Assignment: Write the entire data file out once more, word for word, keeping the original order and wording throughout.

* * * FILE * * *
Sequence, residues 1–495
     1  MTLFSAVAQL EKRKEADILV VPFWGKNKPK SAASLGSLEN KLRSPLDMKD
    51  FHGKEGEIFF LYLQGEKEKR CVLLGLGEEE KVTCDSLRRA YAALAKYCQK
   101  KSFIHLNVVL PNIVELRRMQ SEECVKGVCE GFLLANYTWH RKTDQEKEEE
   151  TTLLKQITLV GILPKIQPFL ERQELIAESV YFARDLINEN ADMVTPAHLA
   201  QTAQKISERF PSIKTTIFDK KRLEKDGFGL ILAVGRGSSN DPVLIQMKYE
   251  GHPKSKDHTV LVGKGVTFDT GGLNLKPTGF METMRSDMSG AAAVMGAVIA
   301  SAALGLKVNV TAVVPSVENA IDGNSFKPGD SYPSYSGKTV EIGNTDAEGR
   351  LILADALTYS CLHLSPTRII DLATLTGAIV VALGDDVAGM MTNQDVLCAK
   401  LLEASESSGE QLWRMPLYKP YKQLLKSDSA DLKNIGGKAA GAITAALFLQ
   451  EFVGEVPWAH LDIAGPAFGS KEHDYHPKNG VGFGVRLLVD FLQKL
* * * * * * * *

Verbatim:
Sequence, residues 1–495
     1  MTLFSAVAQL EKRKEADILV VPFWGKNKPK SAASLGSLEN KLRSPLDMKD
    51  FHGKEGEIFF LYLQGEKEKR CVLLGLGEEE KVTCDSLRRA YAALAKYCQK
   101  KSFIHLNVVL PNIVELRRMQ SEECVKGVCE GFLLANYTWH RKTDQEKEEE
   151  TTLLKQITLV GILPKIQPFL ERQELIAESV YFARDLINEN ADMVTPAHLA
   201  QTAQKISERF PSIKTTIFDK KRLEKDGFGL ILAVGRGSSN DPVLIQMKYE
   251  GHPKSKDHTV LVGKGVTFDT GGLNLKPTGF METMRSDMSG AAAVMGAVIA
   301  SAALGLKVNV TAVVPSVENA IDGNSFKPGD SYPSYSGKTV EIGNTDAEGR
   351  LILADALTYS CLHLSPTRII DLATLTGAIV VALGDDVAGM MTNQDVLCAK
   401  LLEASESSGE QLWRMPLYKP YKQLLKSDSA DLKNIGGKAA GAITAALFLQ
   451  EFVGEVPWAH LDIAGPAFGS KEHDYHPKNG VGFGVRLLVD FLQKL